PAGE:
Regis University Master Plan

Page 18

Mobility on Campus

Regis University

Over the years as the campus has grown, so have the number of points of entry. As a result, the Campus does not have a main entrance. Rather, for the traditional campus core, vehicular circulation and parking are accessed from four major access points serving separate destinations, as well as five additional minor access points which contribute to the confusion. These access points are located off the west and south perimeter roads, with two entries each off Regis Boulevard and Lowell Boulevard. Each of the four entries is located

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The campus’s numerous parking lots are inevitably in the foreground of any views to and through campus.

to serve distinct facilities, with parking placed near each entrance to serve the parking needs of the adjacent facilities. The entrance along Regis Boulevard closest to Julian Street serves as the access point to the Coors Life Center, the Field House, Clarke Hall and several residence halls. The entrance along Regis Boulevard closest to King Street accesses parking directly behind Dayton Memorial Library and proximal to Loyola Hall, Carroll Hall and the Science Building. This entry and the southern entrance along Lowell Boulevard access parking at the corner of Regis Boulevard and Lowell Boulevard as well. The same southern entrance along Lowell Boulevard serves parking located long the western edge of the Student Center, West Hall and Main Hall. The northern entrance along Lowell Boulevard provides access to several small and large parking lots adjacent to Claver Hall and the northern side of the Residence Village. Additional entries exist for the east portion of the campus. The entrances primarily access remote parking lots serving the baseball and softball fields. There are multiple entrances along Federal Boulevard for parking and a strip mall owned by the University and one additional entry along Regis Boulevard to access these lots. This is important to note due to the fact the geo-located mapping applications (such as Google Maps and Apple Maps) directs its user to this edge of campus already as the primary point of entry.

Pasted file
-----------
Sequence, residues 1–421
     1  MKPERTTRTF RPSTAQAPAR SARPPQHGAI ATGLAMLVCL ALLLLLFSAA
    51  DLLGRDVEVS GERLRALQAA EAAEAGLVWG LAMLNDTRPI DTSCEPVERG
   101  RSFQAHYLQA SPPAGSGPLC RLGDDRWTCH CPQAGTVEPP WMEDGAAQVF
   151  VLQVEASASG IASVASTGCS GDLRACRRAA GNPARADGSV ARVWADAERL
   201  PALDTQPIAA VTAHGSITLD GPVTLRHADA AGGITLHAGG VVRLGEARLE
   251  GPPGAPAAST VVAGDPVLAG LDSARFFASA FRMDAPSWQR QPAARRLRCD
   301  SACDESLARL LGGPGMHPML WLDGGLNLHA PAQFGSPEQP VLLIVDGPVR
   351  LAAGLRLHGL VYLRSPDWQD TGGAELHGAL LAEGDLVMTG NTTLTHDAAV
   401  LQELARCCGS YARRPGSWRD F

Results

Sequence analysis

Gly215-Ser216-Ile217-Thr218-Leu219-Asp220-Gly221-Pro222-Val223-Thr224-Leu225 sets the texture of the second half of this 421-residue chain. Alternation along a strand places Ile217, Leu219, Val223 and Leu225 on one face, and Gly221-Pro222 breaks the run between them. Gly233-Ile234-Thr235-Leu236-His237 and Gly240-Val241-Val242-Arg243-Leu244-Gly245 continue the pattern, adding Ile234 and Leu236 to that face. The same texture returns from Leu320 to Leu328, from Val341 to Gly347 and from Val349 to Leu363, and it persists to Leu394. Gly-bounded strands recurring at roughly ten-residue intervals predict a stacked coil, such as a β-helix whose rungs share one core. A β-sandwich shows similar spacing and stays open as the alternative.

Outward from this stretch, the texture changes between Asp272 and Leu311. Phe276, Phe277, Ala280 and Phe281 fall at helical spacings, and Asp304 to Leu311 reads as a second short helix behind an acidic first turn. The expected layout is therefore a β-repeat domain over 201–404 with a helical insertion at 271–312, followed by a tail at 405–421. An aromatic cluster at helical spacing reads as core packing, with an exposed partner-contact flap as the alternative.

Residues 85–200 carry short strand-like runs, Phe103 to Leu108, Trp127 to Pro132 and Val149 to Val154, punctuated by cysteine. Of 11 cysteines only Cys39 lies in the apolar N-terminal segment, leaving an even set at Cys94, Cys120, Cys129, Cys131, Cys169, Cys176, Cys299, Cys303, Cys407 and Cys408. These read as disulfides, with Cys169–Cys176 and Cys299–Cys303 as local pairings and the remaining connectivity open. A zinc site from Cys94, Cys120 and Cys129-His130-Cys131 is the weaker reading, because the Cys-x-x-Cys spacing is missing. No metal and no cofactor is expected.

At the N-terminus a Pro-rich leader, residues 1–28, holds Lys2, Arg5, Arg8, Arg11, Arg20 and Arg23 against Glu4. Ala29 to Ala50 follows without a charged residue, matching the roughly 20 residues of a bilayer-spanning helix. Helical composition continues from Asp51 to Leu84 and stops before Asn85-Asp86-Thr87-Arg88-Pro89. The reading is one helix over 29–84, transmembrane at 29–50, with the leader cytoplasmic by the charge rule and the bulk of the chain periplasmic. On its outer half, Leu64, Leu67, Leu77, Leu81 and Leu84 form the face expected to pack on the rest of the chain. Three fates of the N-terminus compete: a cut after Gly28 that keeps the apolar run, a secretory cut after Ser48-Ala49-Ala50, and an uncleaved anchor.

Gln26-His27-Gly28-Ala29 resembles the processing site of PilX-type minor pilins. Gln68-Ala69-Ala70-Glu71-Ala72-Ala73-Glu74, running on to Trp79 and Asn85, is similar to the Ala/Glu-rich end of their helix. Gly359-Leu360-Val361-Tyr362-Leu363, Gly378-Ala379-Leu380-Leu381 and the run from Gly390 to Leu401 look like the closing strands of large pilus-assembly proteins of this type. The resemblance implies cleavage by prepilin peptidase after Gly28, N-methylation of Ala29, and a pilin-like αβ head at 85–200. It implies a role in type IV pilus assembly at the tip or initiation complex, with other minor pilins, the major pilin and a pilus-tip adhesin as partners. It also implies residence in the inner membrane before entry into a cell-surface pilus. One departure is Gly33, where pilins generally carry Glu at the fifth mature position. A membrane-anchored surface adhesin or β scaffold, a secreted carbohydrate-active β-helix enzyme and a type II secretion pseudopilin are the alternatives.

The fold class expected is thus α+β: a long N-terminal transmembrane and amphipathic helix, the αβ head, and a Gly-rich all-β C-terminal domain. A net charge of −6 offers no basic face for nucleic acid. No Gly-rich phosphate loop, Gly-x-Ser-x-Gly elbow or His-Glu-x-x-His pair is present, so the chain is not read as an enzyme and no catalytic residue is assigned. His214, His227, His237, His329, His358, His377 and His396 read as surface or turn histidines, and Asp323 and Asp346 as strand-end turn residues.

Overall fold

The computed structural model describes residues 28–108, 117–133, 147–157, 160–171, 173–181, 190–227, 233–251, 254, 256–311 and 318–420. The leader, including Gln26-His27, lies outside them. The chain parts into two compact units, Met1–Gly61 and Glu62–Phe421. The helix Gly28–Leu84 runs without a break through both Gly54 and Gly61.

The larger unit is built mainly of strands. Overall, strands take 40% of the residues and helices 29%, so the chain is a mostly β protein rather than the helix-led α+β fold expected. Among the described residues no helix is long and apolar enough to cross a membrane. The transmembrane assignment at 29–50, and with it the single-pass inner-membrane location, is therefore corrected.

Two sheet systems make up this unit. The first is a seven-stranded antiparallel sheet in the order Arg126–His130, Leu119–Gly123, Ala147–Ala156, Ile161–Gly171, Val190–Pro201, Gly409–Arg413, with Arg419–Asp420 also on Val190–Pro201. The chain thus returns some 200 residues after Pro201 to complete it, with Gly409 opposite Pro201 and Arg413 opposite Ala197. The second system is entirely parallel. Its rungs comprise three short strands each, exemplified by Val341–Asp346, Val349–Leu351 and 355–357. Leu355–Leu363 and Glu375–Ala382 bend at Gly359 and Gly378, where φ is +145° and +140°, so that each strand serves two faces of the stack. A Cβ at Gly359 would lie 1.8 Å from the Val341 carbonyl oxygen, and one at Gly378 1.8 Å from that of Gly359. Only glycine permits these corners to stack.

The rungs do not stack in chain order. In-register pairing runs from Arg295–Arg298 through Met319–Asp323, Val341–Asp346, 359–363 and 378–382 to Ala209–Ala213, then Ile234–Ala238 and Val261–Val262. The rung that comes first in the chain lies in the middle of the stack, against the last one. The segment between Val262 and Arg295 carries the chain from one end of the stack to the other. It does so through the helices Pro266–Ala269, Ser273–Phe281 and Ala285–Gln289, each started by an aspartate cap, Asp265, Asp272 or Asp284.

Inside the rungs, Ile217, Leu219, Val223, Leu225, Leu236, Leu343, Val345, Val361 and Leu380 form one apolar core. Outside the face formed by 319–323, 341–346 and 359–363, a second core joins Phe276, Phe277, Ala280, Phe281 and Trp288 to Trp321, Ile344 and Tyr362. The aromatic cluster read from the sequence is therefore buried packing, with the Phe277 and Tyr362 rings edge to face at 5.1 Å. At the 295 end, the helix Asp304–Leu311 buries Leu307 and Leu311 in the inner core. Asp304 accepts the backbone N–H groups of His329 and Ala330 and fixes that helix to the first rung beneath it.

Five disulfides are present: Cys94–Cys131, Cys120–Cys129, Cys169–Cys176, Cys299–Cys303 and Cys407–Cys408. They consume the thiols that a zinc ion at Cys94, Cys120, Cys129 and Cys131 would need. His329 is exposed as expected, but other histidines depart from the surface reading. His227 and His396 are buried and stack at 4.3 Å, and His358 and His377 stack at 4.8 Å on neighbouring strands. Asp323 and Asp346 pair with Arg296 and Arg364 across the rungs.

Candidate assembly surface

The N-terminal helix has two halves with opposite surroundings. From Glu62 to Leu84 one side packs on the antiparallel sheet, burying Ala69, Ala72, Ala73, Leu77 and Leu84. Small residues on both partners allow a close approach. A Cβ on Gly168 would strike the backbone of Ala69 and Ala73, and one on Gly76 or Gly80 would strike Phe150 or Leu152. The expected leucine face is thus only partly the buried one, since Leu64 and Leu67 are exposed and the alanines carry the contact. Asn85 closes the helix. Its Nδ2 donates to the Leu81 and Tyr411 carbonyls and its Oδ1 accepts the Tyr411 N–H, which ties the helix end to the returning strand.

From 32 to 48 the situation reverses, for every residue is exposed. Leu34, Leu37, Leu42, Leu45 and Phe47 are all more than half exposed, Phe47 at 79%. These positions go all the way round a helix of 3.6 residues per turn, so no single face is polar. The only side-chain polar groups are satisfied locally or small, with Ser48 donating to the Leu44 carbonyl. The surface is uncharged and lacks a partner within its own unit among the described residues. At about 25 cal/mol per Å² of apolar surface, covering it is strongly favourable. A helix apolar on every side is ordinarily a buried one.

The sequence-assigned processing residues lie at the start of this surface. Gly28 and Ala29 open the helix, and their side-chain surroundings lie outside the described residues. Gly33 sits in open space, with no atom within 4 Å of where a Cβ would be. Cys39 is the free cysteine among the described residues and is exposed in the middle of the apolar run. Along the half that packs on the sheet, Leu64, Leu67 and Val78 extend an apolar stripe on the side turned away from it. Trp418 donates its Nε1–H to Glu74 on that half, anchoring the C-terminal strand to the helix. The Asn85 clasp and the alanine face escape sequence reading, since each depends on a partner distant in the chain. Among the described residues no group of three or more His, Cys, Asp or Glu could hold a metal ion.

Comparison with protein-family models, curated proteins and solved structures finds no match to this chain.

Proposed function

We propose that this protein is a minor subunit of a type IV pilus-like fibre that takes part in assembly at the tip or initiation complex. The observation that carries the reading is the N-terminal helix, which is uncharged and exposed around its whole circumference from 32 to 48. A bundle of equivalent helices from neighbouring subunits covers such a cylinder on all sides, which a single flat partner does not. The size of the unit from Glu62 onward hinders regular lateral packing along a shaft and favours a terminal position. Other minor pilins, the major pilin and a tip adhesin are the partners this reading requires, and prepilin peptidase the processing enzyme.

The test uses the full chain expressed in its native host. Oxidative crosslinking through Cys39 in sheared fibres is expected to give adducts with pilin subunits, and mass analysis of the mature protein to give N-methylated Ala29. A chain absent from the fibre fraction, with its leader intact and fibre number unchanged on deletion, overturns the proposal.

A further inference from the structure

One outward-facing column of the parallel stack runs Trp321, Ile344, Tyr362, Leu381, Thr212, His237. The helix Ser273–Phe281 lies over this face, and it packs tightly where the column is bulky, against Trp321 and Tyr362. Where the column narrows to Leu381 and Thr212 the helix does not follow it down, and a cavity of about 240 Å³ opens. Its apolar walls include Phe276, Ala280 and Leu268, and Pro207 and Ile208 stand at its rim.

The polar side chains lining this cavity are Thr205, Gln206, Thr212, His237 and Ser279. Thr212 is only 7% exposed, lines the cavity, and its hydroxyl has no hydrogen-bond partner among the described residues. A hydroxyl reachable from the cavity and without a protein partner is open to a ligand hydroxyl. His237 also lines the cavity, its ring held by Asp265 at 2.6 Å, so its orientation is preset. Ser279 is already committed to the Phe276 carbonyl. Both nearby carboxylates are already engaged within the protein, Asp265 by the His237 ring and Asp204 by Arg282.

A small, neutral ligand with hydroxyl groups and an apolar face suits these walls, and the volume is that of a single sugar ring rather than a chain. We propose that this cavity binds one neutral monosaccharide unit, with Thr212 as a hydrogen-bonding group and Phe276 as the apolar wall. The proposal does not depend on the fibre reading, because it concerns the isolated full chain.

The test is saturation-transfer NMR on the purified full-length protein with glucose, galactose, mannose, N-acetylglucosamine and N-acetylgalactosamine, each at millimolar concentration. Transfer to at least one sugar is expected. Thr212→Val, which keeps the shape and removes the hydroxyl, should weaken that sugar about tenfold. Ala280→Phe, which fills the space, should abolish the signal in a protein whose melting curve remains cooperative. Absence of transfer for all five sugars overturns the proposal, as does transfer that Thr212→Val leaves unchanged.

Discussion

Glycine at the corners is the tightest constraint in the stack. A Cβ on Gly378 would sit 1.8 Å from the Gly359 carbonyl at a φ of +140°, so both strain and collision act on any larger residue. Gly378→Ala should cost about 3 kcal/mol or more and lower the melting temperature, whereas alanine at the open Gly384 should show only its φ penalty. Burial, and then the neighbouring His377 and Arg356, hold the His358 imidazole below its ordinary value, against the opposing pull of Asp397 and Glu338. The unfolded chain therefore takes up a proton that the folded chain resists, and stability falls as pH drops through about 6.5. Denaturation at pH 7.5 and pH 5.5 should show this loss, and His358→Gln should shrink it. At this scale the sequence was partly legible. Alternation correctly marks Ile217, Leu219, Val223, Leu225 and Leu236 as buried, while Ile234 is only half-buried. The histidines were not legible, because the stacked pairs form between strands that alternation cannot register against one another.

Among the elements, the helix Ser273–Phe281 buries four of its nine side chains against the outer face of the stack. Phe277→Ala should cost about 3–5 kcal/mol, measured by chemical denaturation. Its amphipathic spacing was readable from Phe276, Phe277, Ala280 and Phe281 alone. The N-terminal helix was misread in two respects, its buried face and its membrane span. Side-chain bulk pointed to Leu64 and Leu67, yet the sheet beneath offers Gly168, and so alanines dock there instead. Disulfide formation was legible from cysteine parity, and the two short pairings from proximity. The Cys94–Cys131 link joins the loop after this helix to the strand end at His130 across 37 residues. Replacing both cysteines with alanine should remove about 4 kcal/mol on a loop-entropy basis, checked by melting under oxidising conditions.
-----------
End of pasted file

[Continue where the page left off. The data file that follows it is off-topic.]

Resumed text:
Parking lots occupy much of the frontage of the campus along Lowell Boulevard, Regis Boulevard and Federal Boulevard. These parking lots poorly affect the campus perception for its’ visitors. The also contribute to the separation between the University and the surrounding neighborhoods. Additionally, these parking lots end up serving as de-facto lockers for commuter students, further exacerbating the over-utilization of the lots. Primary pedestrian entrances exist at the corner of Federal Boulevard and Regis Boulevard, the corner of Regis Boulevard and Lowell Boulevard and along Lowell Boulevard near 51st Avenue. However, these corner entrances deposit users into the middle of vast parking lots, greatly reducing the quality of the pedestrian experience. Many of the parking lots on the western half of the campus are connected with internal access drives. The combination of access drives and parking lots contribute to a relatively distinct front-of-house and back-of-house, and at times, serve as the most practical pedestrian path. Not surprisingly, the best pedestrian experiences are separated from parking lots by buildings and landscaping. The area between Desmet Hall and the Field House is especially poor for pedestrians and pedestrian connectivity to the east is challenging.